99% of the time it’s not wrong, but then your brain immediately forgets that, and you just believe the whole story all over again the next time. And so you just keep reconfirming for yourself that your intuition, which is often really just anxiety is “always right,” when actually, it’s almost always been wrong way more often than it’s been right.
So what all this means is that most of the time, what you are calling intuition or a gut feeling is not intuition. So, so often I find that when women talk about their intuition, they’re talking about their anxiety. We’re taught that intuition manifests as a gut feeling. You know what else you feel in your gut? Anxiety.
A lot of people have the physical symptoms of anxiety in their belly. There’s a way of defining things by saying what they are and then there’s a way of defining something by saying what it’s not. It’s like the process of elimination. Intuition is not anxiety.
If you are feeling anxious, that’s not intuition. Anxiety is a feeling caused by your thoughts. And in my experience, the difference between anxiety and intuition is the emotional quality of the experience and the specificity of the thought.
So let me unpack what that means. The emotional quality of anxiety is that it is generally unpleasant. We feel anxious, we feel agitated, we feel in a rush to find out more information or get reassurance or take some action. Anxiety is often urging us to act our way out of the emotional state we’re in.
The emotional quality of intuition is a quiet knowing. There’s no rush, there’s no agitation. Nothing has gone wrong. Intuition is not identifying a problem because intuition doesn’t categorize things as good or bad. Intuition is just an observation that your brain has created unconsciously from information that you don’t even recognize that comes to you consciously.
It comes from the unconscious into the conscious. This isn’t an exact analogy, but I think it may be a helpful way to think about it. I talk a lot on the podcast about how a circumstance is a thing outside of yourself in the world that is inherently neutral. The human mind is what decides if anything is good or bad.
Goodness, badness are subjective human thoughts. If there were no human brains around to think about whether things were good or bad, the natural world would not have any determination about that. Anxiety is the feeling caused by the evaluation and the meaning-making, by the story we create in our minds.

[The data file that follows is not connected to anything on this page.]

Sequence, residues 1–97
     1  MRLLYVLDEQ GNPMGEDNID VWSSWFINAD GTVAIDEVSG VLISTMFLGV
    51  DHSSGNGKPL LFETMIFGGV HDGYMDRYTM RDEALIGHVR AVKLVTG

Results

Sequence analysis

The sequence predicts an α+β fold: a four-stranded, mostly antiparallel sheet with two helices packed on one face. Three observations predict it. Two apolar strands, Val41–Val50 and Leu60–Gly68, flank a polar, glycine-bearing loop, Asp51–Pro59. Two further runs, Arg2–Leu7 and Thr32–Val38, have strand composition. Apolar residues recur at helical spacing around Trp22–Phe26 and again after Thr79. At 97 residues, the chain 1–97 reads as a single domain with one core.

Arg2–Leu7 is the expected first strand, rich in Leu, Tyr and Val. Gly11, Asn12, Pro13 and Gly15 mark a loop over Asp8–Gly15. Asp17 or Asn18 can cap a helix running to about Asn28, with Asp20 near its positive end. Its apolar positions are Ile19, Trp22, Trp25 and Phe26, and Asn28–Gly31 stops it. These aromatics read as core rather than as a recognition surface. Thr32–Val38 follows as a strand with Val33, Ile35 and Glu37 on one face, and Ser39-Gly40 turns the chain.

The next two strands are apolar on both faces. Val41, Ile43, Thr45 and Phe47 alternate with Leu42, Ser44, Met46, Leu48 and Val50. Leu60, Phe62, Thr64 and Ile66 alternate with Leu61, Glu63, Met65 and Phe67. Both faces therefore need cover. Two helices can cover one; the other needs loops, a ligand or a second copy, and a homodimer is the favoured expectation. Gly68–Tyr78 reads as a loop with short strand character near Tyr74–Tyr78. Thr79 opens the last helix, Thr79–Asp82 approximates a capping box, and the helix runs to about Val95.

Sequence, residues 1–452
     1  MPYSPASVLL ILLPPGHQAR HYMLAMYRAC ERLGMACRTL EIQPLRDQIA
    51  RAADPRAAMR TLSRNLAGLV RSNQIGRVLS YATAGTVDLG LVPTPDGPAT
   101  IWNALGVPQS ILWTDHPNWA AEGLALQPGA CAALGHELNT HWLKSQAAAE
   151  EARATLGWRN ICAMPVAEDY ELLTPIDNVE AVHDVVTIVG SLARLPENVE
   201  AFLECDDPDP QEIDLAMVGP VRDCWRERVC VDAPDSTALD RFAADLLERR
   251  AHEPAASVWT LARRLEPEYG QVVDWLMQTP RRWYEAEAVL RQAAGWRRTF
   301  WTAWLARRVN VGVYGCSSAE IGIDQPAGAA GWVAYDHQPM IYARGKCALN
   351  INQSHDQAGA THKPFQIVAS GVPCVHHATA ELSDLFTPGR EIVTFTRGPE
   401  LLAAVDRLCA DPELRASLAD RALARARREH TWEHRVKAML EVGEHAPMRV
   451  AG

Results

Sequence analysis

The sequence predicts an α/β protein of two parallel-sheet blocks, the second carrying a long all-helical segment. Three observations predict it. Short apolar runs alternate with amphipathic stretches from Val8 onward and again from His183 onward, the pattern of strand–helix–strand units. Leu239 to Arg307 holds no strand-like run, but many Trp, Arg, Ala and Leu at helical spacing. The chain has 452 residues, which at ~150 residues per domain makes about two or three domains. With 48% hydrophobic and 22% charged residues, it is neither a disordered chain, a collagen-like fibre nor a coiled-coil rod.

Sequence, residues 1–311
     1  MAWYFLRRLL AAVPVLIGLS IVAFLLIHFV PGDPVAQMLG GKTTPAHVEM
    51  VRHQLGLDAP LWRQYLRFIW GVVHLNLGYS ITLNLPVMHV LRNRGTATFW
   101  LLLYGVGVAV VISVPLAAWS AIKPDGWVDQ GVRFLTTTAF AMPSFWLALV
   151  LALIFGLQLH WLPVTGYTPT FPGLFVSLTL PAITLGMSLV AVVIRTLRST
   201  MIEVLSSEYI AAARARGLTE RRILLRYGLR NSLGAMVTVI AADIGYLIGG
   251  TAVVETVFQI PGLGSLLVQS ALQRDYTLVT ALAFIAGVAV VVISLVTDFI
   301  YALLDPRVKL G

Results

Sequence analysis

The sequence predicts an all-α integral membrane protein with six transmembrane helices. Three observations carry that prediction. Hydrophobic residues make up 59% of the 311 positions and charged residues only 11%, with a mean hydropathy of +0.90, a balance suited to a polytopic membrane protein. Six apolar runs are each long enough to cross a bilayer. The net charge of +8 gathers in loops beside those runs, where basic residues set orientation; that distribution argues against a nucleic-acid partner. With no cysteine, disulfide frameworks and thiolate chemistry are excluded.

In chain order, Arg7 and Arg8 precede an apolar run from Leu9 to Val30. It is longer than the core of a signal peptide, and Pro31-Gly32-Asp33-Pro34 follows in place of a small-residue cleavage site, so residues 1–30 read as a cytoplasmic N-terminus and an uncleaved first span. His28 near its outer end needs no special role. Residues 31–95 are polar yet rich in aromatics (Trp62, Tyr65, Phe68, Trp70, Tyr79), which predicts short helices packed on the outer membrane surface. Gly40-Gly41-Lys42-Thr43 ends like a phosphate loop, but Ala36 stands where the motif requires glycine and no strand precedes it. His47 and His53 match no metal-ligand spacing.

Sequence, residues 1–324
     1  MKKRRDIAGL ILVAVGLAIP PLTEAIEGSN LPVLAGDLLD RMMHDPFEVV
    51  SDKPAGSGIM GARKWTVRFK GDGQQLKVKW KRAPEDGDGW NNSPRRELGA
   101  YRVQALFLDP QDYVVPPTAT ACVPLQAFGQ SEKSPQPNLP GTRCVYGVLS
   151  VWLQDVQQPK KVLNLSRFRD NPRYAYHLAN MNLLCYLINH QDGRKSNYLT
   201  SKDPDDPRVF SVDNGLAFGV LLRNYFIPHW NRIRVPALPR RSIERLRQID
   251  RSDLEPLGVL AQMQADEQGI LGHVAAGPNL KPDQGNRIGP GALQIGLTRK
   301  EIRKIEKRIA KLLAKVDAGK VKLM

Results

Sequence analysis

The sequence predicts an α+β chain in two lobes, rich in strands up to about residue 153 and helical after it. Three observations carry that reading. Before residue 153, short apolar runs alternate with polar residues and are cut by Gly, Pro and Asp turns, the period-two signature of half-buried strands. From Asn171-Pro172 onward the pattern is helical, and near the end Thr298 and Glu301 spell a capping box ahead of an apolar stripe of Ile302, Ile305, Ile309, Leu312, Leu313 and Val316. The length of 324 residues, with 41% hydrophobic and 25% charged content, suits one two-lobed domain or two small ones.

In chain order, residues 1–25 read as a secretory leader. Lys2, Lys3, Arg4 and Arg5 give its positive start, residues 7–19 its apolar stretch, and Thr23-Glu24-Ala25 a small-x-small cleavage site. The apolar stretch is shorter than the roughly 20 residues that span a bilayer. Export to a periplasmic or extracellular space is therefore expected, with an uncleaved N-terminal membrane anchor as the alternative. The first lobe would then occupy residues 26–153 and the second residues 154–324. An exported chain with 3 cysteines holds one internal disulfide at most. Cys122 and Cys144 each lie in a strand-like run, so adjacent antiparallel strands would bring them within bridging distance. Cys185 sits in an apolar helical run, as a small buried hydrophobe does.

Intuition may be the perception of a circumstance without any story or meaning attached to it. Intuition notices, but it doesn’t hypothesize or make meaning. So let me give you an example. I see women worry a lot about when to listen to their gut, especially in dating because so many of my clients see it as a high-risk situation where they are trying to obtain or avoid a certain outcome and they’re trying to decode the behavior of someone they don’t know that well to try to feel like they can predict or control that.
All of that of course is a set of thought patterns that creates enormous anxiety. So let’s say you start to feel like something is up, something is changed in someone’s communication with you. Intuition may notice that change without any feeling or story attached to it.
It is a noticing where you didn’t set out and say to yourself, “Hey, has anything changed here?” Your brain has been processing whatever information it gets below the surface, and then it arises into your consciousness that oh, I notice a change.
Anxiety is noticing the change, hypothesizing various reasons it might be happening, stressing out about it, making it mean something about you or them, creating anxiety and rejection and shame and fear for yourself, all with your thoughts about it.
Anxiety feels like fear. Intuition feels like curiosity without attachment to the outcome. Here is where we have to now take this work even one level deeper. Let’s say, as lawyers would say, let’s stipulate that intuition is a real thing. Let’s say yes, intuition is a separate thing, it is different from anxiety, but it can be sometimes confused with anxiety.
So let’s say we are going to say for the sake of argument that they are two separate things that can be confused with each other. My clients believe this subconsciously. A lot of you do too. And so they’re constantly asking themselves, well, how do I know if it’s intuition or anxiety? Or how do I know when to listen to my intuition?
Which is also just a hilarious kind of concept if you think about it because if you really believe it’s intuition and that intuition tells you something important, then why would you not listen to it? Even the question, when should I listen to my intuition, or is this my intuition just shows we’re not really sure when it’s our intuition or not.
These questions presuppose not only that intuition is a thing that exists and that you can differentiate it from other thoughts and feelings and how they work, but that it’s important to do so. See what I’m saying?